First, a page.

In the closing weeks of the 1980 presidential campaign, it would have been hard to find anyone more vocally critical of Ronald Reagan than AFL-CIO President Lane Kirkland. As a surrogate for President Jimmy Carter, Kirkland attacked Reagan as “displaying colossal ignorance” in his criticism of the President’s plan to create a nation Industrial Development Authority that would have allowed labor more liberal access to its members’ pension funds.
Thirty-five years later, labor has gotten smarter. Infiltration has replaced the frontal attack. Unless, you want to believe that Donald Trump and current AFL-CIO President Richard Trumka really are collaborating.
In the decades since the frontal assault, the AFL-CIO has learned that the direct approach is not always in its best interest. One of its more effective tools has been forming groups like the Economic Policy Institute (EPI), chaired by Trumka and with a board of activist Democrats like liberal hero Ray Marshall President Carter’s labor secretary, and Robert Reich from the Clinton Administration, now Professor of Public Policy at the University of California at Berkley.
Instead of attacking the Republican front runner, they have embraced him. Trump’s own policy papers cite Professors Ron Hira and Hal Salzman, from the EPI staff. Both have a long and checkered history not only for liberal activism, but for fabricating the facts. After Hira’s testimony before the Senate Judiciary Committee last year on the high tech industry’s labor policies, the independent Information Technology & Innovation Foundation analyzed Hira’s remarks and found piles of errors: http://www2.itif.org/2015-debunking-myths-high-skilled.pdf .
But The Donald is not one to let conservative thought get in the way. In his position papers on his campaign web site, Trump uses Hira and Salzman’s testimony and research (prepared and paid for by the AFL-CIO) to make his arguments against their being a shortage of high tech graduates from U.S. colleges. There is no shortage, “We graduate two times more Americans with STEM degrees each year than find STEM jobs, Trump proclaims. Well, like the AFL-CIO, The Donald has a problem with the facts.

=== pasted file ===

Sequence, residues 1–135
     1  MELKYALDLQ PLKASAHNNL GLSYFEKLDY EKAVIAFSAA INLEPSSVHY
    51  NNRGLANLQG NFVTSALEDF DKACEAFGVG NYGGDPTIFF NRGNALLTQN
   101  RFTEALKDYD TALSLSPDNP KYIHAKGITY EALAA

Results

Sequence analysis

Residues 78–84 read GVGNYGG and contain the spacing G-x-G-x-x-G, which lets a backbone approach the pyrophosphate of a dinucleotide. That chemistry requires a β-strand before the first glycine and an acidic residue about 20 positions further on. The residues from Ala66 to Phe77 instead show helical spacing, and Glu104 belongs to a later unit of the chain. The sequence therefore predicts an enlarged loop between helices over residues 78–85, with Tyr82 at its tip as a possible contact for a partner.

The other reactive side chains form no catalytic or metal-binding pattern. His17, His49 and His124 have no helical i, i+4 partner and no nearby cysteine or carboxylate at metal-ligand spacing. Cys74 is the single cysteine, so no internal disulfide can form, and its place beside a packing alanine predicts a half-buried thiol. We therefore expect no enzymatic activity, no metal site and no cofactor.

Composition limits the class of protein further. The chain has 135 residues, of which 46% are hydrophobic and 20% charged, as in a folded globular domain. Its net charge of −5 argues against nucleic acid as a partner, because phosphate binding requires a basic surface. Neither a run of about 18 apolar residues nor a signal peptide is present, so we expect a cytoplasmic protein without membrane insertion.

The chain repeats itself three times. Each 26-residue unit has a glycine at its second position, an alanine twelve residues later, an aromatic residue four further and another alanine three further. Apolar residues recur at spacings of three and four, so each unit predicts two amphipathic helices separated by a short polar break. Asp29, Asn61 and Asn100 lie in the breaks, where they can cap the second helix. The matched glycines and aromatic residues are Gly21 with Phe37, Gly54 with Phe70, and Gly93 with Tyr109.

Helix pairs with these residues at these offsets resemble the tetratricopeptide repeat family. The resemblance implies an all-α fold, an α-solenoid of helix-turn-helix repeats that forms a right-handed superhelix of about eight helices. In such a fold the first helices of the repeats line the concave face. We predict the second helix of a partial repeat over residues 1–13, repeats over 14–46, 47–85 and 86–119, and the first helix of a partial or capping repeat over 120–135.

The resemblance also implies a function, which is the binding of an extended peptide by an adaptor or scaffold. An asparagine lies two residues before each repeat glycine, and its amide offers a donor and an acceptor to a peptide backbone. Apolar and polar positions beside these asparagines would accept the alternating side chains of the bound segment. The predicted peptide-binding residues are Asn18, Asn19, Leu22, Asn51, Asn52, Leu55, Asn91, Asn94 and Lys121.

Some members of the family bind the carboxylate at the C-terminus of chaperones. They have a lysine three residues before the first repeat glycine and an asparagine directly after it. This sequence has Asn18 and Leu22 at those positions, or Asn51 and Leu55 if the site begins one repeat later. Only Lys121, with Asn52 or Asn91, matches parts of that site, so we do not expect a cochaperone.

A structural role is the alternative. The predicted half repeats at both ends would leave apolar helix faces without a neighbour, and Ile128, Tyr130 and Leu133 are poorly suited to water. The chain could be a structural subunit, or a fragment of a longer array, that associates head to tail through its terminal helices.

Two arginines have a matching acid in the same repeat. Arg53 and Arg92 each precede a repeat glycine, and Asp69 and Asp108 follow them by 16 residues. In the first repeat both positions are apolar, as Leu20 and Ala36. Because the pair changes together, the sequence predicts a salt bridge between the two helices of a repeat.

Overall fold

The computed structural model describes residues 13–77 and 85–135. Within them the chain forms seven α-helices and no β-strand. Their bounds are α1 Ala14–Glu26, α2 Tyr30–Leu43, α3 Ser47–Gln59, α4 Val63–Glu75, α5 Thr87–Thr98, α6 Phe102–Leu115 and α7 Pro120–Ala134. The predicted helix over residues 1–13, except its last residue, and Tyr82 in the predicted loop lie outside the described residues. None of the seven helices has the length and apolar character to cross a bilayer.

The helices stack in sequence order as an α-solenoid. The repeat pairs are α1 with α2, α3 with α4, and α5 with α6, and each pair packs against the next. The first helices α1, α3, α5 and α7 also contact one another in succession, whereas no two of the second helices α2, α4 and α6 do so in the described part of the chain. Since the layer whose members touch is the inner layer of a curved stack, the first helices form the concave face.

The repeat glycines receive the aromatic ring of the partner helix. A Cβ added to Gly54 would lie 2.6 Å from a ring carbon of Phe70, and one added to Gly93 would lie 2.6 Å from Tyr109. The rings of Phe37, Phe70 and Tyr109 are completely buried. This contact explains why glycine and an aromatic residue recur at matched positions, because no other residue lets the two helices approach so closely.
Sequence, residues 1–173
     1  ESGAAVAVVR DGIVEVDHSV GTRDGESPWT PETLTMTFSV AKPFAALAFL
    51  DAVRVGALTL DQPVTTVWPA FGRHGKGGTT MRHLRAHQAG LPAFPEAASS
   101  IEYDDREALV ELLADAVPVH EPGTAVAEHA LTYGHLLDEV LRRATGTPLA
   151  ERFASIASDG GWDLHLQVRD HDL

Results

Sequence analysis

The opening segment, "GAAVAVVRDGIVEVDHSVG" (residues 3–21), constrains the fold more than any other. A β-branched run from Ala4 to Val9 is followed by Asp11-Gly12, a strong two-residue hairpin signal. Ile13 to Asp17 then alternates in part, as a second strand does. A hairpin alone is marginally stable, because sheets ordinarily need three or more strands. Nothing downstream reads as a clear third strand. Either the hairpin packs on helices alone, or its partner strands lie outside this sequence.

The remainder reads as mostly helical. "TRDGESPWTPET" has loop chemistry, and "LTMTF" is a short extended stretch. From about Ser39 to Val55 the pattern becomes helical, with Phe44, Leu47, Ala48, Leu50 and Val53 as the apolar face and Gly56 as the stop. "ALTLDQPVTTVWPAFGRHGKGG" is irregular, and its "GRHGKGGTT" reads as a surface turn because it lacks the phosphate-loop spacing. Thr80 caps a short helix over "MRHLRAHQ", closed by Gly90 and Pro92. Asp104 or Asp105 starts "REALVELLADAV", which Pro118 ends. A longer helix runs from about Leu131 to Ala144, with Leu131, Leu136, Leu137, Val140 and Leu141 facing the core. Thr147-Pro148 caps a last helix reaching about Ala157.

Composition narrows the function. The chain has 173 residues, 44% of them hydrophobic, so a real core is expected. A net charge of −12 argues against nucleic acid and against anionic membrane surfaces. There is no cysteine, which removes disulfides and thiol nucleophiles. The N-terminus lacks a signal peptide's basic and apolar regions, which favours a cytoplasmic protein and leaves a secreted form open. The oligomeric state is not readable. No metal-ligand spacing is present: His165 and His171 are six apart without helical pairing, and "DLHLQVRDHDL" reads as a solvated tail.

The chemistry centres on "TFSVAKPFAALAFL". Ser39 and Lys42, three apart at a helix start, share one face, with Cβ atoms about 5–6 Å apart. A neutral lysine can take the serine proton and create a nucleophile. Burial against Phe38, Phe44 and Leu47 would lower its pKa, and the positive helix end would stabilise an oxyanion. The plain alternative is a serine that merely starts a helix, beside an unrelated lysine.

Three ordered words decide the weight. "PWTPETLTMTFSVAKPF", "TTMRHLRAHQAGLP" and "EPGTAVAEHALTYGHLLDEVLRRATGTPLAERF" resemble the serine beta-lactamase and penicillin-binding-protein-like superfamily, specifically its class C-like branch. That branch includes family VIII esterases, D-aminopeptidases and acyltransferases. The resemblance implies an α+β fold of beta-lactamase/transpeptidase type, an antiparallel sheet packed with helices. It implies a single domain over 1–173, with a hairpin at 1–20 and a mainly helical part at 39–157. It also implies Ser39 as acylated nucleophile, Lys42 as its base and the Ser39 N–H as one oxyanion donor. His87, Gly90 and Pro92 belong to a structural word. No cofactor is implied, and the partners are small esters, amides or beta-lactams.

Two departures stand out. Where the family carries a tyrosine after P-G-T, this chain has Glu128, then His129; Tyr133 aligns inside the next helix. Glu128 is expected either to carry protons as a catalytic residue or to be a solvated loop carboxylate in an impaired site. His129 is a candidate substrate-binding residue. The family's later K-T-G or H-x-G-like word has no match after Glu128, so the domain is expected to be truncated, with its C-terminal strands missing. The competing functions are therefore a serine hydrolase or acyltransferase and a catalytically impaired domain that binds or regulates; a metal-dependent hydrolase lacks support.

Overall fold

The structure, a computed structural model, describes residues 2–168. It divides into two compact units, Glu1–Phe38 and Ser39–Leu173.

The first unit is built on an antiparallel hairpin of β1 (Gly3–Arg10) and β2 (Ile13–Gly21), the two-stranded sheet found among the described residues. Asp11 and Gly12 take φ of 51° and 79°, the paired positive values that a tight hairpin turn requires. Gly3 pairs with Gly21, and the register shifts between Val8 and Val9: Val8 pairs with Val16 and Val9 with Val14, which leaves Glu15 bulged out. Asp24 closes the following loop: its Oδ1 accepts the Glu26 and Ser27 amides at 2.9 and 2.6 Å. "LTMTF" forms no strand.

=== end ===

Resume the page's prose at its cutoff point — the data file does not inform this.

Trump believes the AFL-CIO rhetoric that a shortage in IT graduates is a myth. Despite the fact that recent college graduates with IT degrees can command starting salaries around $90,000 per year and, according to the U.S. Bureau of Labor Statistics (BLS), an unemployment rate of 1.5% for database technicians or 1.7% for Information Security analysts – Trump sees no shortage.
Why is Trump blind to the shortage? Why would he collaborate with the AFL-CIO. Well, motives are hard to determine in Trumpland. The AFL-CIO’s motives are fairly clear, they want fewer college-graduated IT professionals and more lower skilled IT workers in the high tech industry. They would prefer that companies push work from college-level professional staff to the trades that the Communications Workers of America and AFL-CIO represent. In the IT workplace, whether a college graduate or a union member designs the network architecture could be the next hot topic of debate in the battle against unions.
The most likely answer to The Donald’s blindness to the shortage and collaboration with the AFL-CIO propagandists is that without principals the answers to complex questions are often hard to find. Hira and Salzman had a rolling bandwagon and The Donald climbed on board.